Ocasio had been feeling ill the previous couple of days. He spent most of Thursday and part of Friday in bed.

“I got sick a couple of days ago, so the plan changed a little bit,” Ocasio said. “I was cramping up in multiple spots, and my chest was ill from whatever 24-hour bug I caught. But I wouln’t have missed this unless I was literally dying.

“My body was not near where it needed to be to do something this big, so I called it at about six hours,” he added. “It was a little disappointing, but it’s OK. Life doesn’t always go as planned. You go to plan B, C, D and E and go on with no regrets. It was fun. I learned a ton.”

The event didn’t go without its mishaps for some of the local quintet. Frasier injured his hand on the “Hang Tight” obstale, where competitors jump, grab a handle, swing and hit a cowbell over water.

“The guys gave me a hard time for not hitting the cowbell hard enough the first time through, so the second time, I really wanted to prove a point, and I swung and sliced the side of my hand open,” Frasier said.

Hashman and Bordenkecher were battling through nagging injuries.

“I was coming off of an inner thigh injury, so the most I’ve been able to run recently is four miles,” Hashman said. “I was able to get over 30 today, so I’m pretty proud of that. I did not complete all of the obstacles, but I completed the obstacles that I’ve been training on, so that’s what was important.”

“It was very muddy and lots of water hazards, a lot of crawling, inverted crawling, top crawling, crawling under a cage,” Bordenkecher added. “I remember thinking, ‘This is going to feel terrible on my knee.’ The trails were really good, but a lot of these trails at night are dark woods, so if you don’t have your one headlight on the ground, you cannot see anything. We all had backup lights and backup batteries incase our headlights went out.”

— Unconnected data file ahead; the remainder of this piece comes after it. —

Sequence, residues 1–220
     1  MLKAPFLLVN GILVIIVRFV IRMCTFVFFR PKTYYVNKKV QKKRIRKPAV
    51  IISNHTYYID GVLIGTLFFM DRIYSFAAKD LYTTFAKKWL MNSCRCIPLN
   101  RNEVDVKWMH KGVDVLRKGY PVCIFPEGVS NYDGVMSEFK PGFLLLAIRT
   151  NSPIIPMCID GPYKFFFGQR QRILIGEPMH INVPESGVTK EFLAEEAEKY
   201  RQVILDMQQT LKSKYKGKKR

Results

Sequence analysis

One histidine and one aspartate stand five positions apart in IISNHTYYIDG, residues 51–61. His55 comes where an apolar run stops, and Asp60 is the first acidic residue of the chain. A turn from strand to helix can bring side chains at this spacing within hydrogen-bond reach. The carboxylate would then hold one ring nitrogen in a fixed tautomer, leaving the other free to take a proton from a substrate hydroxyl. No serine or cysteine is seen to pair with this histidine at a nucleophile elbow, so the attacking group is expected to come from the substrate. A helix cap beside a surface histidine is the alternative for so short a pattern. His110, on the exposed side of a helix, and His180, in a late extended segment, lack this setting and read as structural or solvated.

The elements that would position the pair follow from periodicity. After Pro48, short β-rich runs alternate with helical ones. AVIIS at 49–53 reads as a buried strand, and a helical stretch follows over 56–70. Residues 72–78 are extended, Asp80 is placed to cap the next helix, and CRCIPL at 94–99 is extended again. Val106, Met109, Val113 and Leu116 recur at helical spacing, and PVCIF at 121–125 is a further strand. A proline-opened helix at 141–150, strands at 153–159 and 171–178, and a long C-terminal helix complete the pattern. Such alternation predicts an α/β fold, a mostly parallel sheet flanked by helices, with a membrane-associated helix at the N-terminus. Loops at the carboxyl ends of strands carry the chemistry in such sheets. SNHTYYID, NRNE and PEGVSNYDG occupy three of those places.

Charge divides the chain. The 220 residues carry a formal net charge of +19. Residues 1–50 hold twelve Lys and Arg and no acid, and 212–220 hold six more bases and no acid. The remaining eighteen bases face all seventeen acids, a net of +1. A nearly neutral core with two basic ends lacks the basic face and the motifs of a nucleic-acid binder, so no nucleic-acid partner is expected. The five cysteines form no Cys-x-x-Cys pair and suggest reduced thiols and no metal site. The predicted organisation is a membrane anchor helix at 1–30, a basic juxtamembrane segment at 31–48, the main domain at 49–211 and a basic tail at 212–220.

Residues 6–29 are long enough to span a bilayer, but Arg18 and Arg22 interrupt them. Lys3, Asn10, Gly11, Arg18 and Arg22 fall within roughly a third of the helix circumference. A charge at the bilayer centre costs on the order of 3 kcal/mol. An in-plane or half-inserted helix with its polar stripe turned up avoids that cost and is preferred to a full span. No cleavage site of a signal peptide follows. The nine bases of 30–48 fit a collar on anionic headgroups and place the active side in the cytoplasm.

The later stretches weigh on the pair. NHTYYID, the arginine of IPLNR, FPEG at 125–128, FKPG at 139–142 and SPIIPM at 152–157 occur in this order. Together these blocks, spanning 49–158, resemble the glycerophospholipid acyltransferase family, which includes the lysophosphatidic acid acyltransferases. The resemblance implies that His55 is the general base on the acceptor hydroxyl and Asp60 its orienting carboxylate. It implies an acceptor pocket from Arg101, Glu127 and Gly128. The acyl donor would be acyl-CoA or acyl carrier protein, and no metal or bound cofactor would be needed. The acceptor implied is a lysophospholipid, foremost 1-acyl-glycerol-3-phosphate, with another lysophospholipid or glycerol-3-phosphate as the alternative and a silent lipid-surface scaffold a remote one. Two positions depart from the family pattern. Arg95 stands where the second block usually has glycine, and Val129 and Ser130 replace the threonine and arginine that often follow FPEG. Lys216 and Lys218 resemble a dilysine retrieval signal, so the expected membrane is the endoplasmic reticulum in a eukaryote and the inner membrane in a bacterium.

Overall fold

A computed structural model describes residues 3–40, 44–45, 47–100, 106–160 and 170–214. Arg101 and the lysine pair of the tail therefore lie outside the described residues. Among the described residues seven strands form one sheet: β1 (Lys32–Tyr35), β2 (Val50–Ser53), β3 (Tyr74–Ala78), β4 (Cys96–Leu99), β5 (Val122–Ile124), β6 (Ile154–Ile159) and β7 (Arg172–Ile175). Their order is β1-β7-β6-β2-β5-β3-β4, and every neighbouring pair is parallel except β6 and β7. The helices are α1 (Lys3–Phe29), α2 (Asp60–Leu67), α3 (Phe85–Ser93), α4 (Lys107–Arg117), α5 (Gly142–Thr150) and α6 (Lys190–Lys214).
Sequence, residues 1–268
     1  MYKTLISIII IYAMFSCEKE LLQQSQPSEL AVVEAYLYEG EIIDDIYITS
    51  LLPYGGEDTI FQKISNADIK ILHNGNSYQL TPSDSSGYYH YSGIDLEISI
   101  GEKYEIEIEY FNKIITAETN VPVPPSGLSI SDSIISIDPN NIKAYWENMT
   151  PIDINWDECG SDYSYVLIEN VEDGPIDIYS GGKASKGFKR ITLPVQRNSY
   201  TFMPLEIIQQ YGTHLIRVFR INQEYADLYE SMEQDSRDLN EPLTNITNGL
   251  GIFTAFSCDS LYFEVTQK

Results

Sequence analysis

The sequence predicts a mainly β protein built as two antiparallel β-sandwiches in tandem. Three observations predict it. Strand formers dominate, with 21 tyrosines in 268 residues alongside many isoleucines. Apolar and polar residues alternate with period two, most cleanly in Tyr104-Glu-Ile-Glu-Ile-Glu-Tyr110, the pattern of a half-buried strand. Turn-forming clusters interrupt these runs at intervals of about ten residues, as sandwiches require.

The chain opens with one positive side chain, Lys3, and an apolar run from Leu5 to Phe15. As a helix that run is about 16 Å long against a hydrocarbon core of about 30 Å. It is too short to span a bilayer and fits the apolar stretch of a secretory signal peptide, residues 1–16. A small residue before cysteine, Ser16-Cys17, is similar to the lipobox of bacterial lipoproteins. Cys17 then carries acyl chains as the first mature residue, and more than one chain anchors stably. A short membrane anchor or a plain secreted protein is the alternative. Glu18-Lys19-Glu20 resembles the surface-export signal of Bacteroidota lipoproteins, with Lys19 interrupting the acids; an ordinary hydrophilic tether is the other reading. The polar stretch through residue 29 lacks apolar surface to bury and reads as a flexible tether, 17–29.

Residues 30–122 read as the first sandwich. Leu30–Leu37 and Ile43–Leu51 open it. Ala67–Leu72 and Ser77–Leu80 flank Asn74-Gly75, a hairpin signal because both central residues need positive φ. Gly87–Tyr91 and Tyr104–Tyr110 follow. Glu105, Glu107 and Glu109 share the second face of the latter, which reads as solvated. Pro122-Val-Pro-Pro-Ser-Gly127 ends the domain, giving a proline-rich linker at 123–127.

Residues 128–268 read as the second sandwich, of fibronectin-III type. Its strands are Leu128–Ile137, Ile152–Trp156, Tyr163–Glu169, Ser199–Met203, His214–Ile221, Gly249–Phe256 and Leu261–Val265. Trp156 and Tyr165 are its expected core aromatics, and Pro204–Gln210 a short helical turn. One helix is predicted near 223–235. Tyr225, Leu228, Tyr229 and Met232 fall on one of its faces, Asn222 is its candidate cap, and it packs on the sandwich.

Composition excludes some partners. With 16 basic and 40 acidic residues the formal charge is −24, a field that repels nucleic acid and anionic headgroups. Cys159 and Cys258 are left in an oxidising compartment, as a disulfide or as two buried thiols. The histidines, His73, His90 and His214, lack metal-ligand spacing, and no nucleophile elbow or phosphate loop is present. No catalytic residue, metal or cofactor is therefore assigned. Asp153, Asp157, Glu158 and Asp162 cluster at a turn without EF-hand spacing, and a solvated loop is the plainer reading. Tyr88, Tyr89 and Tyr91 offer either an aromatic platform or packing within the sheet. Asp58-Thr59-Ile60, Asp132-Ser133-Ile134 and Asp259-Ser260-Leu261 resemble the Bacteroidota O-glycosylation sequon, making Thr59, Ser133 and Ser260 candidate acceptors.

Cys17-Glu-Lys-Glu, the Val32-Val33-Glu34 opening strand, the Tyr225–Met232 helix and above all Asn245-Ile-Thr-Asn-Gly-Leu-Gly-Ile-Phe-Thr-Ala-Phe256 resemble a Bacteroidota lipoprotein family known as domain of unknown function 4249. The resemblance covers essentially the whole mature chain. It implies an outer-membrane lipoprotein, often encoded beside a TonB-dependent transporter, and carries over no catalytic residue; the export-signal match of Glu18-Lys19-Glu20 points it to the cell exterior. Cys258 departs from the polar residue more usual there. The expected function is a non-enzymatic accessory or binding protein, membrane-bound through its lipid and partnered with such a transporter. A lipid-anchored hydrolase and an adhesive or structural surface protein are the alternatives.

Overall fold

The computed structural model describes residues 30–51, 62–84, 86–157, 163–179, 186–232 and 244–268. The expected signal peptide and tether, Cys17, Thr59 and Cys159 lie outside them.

The local quintet have been training for Tough Mudder and Tougher Mudder events at Frasier’s MVP facility. On Saturdays, they start with a run, come back to MVP and do push-ups, pull-ups, dead lifts and squats, then go back out for more running and going through that cycle.

“We’re kind of mixing in what we would be doing, climbing ladders, doing pullups,” Frasier said. “We know something is going to hurt. We actually train ourselves that we push through that hurt as we’re going on regular Saturdays. It gets you mindset better so when you’re out here and it does start, you’ve been there before.”

“It doesn’t happen overnight,” Souza added. “It doesn’t happen in one season. It’s a lot of hours and a lot of sweat, but it pays off when you have a race in your hometown.”

The locals were happy to be able to compete in such a big event in that hometown.

“I liked it better here than I did in Vegas because the spectators were able to get to the other obstacles,” Frasier said. “They could come cheer you on. Our friends were there. Our wives were there, and they cheered us on, and it really helps to have someone in your corner while you’re pushing through a little bit of hell.”